Tuesday, January 6, 2009

Big Homes, 1-Person Households are Main Causes of Consumer Energy Waste, Study Finds

/PRNewswire/ -- Changes in household size and home construction have been the main causes of over-consumption of energy by American consumers, according to a new study released today by SMR Research Corporation.

A reversal of these trends, SMR noted, would dramatically reduce U.S. energy use. Yet, household demographics and home building are seldom mentioned in the debates over global warming and energy independence.

SMR's study, Consumer Energy Spending And The Demographics Of Over-Consumption, is based on detailed interviews with more than 27,000 households.

Single-person households, which have grown at triple the rate of overall population growth since 1960, use 18.4% more energy per capita than two-person households do, SMR found. They use 52.8% more energy per capita than three-person households.

Even when excluding households with children, since they do not drive, per-capita energy use is far higher among single-person households than any others, SMR found.

SMR also found that people in houses with 10 or more rooms use 18.8% more energy than people in 8-room homes, and 31.3% more than people in 7-room homes -- regardless of the age of the home. The average square footage of newly built homes has increased by some 34% since 1980, SMR noted.

"This study shows that energy conservationists need a new public message," said SMR President Stuart A. Feldstein. "The old focus on things like home insulation and auto fleet mileage is incomplete. People who decide to live alone, now more than one of every four households, and people who buy the McMansions, are those who squander our energy resources."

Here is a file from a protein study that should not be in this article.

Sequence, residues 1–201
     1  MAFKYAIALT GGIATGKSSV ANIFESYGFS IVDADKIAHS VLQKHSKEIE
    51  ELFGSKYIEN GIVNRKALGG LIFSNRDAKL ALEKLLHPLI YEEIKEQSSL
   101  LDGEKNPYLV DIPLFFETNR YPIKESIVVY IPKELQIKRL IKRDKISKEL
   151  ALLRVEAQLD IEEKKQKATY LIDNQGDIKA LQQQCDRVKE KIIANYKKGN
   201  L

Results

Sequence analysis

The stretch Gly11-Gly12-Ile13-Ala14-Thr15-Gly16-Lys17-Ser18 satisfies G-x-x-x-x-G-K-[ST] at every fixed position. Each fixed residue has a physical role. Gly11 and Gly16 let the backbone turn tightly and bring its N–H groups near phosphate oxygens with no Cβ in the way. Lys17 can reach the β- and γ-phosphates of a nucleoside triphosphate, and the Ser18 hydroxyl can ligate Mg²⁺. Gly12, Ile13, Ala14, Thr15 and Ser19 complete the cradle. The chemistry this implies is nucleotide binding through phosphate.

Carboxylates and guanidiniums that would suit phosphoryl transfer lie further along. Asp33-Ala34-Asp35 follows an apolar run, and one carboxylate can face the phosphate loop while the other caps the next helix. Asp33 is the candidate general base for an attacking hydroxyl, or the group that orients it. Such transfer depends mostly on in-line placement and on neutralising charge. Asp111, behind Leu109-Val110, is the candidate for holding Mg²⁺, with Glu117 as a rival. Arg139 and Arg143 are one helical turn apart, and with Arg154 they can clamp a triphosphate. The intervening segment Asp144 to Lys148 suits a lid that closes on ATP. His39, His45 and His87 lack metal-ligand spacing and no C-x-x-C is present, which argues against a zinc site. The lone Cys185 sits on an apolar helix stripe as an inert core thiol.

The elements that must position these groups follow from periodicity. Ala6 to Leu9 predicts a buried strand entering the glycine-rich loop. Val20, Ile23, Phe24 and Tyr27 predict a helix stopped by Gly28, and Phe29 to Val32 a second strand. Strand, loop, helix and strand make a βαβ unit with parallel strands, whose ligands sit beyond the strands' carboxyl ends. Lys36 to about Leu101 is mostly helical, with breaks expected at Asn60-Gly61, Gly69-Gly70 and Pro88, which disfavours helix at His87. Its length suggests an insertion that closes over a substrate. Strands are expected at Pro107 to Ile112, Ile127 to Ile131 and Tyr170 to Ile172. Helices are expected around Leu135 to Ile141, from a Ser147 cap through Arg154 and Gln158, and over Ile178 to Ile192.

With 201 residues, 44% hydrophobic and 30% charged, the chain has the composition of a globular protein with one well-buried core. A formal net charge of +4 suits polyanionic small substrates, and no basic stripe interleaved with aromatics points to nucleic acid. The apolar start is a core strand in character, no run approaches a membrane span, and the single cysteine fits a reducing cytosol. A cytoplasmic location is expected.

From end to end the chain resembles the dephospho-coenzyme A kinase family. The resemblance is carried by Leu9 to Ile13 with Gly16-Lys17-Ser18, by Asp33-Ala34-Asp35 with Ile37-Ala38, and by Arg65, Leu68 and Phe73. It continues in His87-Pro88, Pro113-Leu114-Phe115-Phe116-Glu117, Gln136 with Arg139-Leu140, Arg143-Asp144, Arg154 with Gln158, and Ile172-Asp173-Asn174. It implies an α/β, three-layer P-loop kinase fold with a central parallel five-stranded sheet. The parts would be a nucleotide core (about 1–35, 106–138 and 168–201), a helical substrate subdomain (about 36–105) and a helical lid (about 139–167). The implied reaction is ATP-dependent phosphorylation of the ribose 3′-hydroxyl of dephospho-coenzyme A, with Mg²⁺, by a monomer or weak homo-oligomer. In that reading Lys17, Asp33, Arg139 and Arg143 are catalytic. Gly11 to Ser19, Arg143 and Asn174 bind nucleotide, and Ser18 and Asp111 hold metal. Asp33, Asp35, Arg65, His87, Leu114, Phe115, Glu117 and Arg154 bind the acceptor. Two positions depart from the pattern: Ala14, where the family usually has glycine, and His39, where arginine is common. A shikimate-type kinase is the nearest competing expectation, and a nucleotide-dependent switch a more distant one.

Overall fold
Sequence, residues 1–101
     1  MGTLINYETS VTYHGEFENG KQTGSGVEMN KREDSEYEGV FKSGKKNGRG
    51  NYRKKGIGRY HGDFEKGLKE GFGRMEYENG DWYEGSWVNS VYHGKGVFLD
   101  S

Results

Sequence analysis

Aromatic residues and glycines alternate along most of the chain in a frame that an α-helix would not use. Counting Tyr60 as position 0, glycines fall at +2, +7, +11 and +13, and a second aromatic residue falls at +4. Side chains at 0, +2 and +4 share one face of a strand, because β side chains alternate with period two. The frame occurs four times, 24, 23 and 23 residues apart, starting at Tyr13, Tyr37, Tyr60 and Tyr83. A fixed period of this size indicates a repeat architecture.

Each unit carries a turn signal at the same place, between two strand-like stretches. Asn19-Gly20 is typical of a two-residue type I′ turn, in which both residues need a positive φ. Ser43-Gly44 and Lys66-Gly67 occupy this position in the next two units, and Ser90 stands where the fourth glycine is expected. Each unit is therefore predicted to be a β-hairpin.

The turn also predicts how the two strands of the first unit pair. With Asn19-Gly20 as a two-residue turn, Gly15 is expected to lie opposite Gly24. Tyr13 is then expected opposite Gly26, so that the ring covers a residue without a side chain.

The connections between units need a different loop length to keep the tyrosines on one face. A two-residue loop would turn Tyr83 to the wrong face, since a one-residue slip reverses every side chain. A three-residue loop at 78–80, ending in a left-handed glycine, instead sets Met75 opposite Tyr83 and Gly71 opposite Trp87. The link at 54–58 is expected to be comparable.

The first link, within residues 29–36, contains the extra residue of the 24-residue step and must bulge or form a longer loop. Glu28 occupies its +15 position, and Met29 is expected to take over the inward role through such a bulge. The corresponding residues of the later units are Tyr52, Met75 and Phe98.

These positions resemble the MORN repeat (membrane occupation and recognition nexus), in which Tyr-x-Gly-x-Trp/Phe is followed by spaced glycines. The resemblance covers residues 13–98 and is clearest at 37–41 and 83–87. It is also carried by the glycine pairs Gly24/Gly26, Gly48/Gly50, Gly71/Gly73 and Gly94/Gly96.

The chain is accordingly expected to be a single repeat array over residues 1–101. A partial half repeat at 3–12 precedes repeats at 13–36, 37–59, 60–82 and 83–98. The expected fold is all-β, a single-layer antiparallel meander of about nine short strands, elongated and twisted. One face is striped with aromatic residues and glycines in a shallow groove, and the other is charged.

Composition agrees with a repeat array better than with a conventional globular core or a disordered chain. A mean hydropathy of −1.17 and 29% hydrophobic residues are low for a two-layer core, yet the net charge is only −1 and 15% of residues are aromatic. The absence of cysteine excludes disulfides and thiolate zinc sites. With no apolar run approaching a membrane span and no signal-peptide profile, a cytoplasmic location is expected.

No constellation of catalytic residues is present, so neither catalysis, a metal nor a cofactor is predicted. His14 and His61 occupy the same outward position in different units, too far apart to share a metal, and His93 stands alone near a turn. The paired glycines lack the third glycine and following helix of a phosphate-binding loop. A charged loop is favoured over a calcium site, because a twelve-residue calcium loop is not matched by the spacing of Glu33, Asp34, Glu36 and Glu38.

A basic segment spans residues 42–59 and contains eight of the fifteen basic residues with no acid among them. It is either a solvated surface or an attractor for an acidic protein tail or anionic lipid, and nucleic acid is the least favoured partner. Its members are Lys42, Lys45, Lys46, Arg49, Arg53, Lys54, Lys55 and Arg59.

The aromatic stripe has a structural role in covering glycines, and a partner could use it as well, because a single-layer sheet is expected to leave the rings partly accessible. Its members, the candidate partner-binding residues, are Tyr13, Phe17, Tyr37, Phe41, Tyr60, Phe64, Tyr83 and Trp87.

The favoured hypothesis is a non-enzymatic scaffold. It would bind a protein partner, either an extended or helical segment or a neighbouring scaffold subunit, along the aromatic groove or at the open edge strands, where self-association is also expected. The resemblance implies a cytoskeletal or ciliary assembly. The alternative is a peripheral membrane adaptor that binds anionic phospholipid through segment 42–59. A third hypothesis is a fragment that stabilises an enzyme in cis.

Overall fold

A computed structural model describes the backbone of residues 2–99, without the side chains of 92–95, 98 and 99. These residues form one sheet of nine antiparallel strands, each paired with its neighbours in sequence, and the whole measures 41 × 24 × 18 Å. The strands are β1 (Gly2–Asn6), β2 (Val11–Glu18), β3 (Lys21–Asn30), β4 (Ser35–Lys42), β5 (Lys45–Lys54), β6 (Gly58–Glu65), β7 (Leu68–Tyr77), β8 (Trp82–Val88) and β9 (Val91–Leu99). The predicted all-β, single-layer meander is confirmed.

The SMR study reviewed household spending on six major energy products: electricity, gasoline, diesel fuel, natural gas, heating oil, and bottled gas. Tables in the study show spending per household and per capita on all the products combined, as well as on each individual product, based on the demographic, financial, and housing characteristics of the interviewees.

Among other findings of the study:

-- Spending data belie the notion that the most educated consumers are
the most sensitive to energy conservation. Instead, people with
Master's degrees or higher spend more on energy per household and per
person than any others.

-- Energy spending per person rises along with incomes.

-- There is poor correlation between energy spending and the age of a
home, suggesting that by now, people in older homes have already taken
such steps as adding insulation. The housing characteristics that do
correlate powerfully with energy spending are size and value.

-- Household density is the key problem in over-consumption. In 2007, the
U.S. hit a new record low of 2.56 persons per household. The data show
that Americans are now spending 29.6% more on energy per capita than
in 1960, based solely on the decline in density.

-- Households headed up by young adults and by Hispanic persons are the
most frugal energy users. Households headed by persons aged 75 or
more spend the least per capita on motor fuels, but spend the most per
capita on electricity, natural gas, and heating oil.



SMR's study is based on its work with the "micro-data" files of the Consumer Expenditures Survey (CES), conducted by the Census Bureau on behalf of the Bureau of Labor Statistics. These large, complex files contain raw data on household spending on hundreds of products, allowing a researcher to isolate any product and compare spending patterns to the characteristics of families. SMR used data from 27,159 household interviews conducted in 2006 and 2007, the most recent available.

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